Good morning, thanks for starting your day with us. Today's a big day for Atlantic City as officials and business leaders are hoping two new casinos will breathe more life back into the boardwalk and city. Given Atlantic City's history, they're a gamble. If you're taking a short trip to New Jersey, be aware that some towns may not allow Airbnb to accommodate your stay. Case in point: Collingswood, where local officials are shutting down Airbnb listings. There's also been a lot of news out of the Supreme Court lately, and one recent ruling against unions could have rippling effects across Pennsylvania for years to come. We dove in to explain what the decision means in a state that's politically charged following the recent primary races.
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We'll have updated coverage throughout the day of the grand openings for the Hard Rock and Ocean Resort casinos in Atlantic City. They actually quietly opened early last night. They replace the failed Trump Taj Mahal and short-lived Revel on the boardwalk.
Both casinos have different plans of attack to capture eyes and wallets. Hard Rock already has an established brand, and its rooms have already sold out on opening weekend. There will be several events planned for opening weekend for guests, too. Ocean Resort is banking on customer-friendly service while also offering pristine nightclubs to visitors. For opening weekend, it will offer some top DJs at the reopening of the popular day club and nightclub HQ. Ocean also is ahead of Hard Rock in that it's already allowing sports betting.
It will take time to see if the casinos will help expand the market by bringing in new clients, gamblers and travelers or end up cannibalizing the current clientele. Or, simply repeat history by falling flat. City officials are holding their collective breath.
If you're thinking of visiting either of these new spots, food writer Michael Klein says there's plenty of places to eat. Not into gambling but want to enjoy the beach? There's plenty of other things to do and places to see. Check out our 2018 Jersey Shore guide to plan your trip.
In the age of the sharing economy, millions of Americans are using Airbnb to host a range of travelers and pocket some supplemental money in the process. Not all towns and cities are happy with the $31 billion company, though. Towns like Collingswood, New Jersey, are moving to eradicate the company from its neighborhoods, drawing ire from residents who are trying to utilize extra space in their homes to supplement their income.
Collingswood resident Suzanne Cloud, who listed her three-bedroom house on Airbnb in 2014, was shocked to receive a cease-and-desist letter from the city. The city cited that operating an Airbnb violated local zoning laws. Cloud is one of just 20 Airbnb hosts in Collingswood, according to an Airbnb spokesperson, and even though the number is marginally small compared to other cities, the move to force hosts to remove their listings from the site emphasizes the complexities cities are realizing as they try to find workable solutions to address the tech behemoth's presence on their streets.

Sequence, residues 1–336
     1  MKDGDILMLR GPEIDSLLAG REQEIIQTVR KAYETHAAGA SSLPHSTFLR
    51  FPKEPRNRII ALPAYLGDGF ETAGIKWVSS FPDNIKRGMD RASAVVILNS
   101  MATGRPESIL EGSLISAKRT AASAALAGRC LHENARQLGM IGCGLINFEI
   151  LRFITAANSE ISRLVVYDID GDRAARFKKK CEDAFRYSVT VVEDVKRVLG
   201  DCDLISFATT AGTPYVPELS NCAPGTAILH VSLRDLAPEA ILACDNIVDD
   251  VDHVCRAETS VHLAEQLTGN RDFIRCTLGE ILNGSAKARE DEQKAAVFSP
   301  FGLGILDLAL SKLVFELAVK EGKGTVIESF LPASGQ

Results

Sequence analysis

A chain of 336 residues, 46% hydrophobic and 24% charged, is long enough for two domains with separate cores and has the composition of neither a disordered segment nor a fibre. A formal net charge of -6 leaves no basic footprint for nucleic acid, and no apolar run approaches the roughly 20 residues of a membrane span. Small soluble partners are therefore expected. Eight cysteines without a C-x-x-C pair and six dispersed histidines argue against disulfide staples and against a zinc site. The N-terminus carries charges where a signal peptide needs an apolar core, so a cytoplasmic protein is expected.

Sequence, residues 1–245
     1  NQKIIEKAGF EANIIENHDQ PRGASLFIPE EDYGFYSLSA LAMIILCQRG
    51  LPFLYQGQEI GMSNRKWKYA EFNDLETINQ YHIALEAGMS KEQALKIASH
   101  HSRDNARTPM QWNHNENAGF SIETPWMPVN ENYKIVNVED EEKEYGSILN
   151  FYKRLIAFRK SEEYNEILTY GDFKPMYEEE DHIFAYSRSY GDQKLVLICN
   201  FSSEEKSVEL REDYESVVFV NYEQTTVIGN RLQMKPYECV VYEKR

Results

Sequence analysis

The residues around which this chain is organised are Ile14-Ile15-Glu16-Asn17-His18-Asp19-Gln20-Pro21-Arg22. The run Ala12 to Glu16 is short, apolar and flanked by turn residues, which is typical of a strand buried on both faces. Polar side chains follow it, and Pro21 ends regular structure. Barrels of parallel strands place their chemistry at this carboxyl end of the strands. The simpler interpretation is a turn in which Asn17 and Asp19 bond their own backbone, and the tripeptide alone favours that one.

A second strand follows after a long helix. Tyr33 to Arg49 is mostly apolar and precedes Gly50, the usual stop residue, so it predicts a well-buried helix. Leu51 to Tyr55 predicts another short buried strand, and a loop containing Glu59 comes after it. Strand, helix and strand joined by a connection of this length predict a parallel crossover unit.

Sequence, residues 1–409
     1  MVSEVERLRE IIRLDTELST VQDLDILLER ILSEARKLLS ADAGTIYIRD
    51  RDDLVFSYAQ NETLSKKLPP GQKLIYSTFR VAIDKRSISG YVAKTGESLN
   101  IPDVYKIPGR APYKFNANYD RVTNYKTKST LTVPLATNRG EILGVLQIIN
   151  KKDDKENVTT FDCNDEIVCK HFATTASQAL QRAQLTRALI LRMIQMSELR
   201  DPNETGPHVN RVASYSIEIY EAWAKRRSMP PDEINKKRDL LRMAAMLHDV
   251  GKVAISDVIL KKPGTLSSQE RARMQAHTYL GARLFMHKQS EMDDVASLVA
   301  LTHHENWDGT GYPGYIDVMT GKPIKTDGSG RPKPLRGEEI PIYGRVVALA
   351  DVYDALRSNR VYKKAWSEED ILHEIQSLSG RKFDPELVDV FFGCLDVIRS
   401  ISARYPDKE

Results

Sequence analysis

In fact, Collingswood Mayor Jim Maley said officials had no idea residents were even listing their property on Airbnb until someone complained. The more officials probed, the more concerned they became. Collingswood already has a detailed history in trying to retain residents and dissuade absentee owners.
One city commissioner is trying to convince the mayor to enact an official policy so residents have a better understanding on what they can and can't do – and whether Airbnb will truly be allowed to exist in their homes,
A recent 5-4 Supreme Court decision struck a blow to unions and may not only discourage employees from actively participating in unions, but weaken how unions spend their campaign money in future elections. This ruling, along with the recent announcement that Justice Anthony Kennedy will retire, could have everlasting political effects on the country.
In Janus vs. AFSCME, the nation's highest court ruled government employees who decline to join unions are not required to pay "fair share" fees to those labor groups that collectively bargain on their behalf. For Republicans in Pennsylvania, it's a win that could help weaken their Democratic rivals, as unions spend millions of dollars on political campaigns each year.
In fact, Pennsylvania labor unions represent one out of every eight workers in the state and this ruling could substantially handicap them if unions need to spend more money on recruitment and retention, rather than camapigning.
Some labor union leaders see this ruling with a silver lining, though, arguing that union members may double down and mobilize workers who feel their benefits and securities are under attack. "We've seen our members, even Republican members, even Trump supporters, who are actually sending more money to the union PAC fund because they don't want to see unions go away," said Gabe Morgan, vice president of Services Employees International Union 32BJ.
However, a recent nonprofit whose ties can be traced to the Koch brothers has been campaigning hard on the heels of this recent decision to persuade workers to drop their unions. Ultimately, it's a battle for workers attention.
Nationally, labor unions are more popular among Americans now than at any point in the last 14 years, according to a 2017 poll by Gallup.
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